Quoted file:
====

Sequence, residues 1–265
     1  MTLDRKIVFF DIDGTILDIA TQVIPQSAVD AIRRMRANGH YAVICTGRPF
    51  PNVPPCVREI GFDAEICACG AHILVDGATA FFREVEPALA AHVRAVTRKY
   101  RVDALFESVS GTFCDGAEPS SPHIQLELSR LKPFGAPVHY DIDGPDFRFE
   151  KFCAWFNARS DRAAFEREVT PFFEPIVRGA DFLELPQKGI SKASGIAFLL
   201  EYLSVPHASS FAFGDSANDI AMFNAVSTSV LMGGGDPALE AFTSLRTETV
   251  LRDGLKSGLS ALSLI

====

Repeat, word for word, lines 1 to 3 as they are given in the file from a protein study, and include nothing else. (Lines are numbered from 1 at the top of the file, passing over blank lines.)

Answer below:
Sequence, residues 1–265
     1  MTLDRKIVFF DIDGTILDIA TQVIPQSAVD AIRRMRANGH YAVICTGRPF
    51  PNVPPCVREI GFDAEICACG AHILVDGATA FFREVEPALA AHVRAVTRKY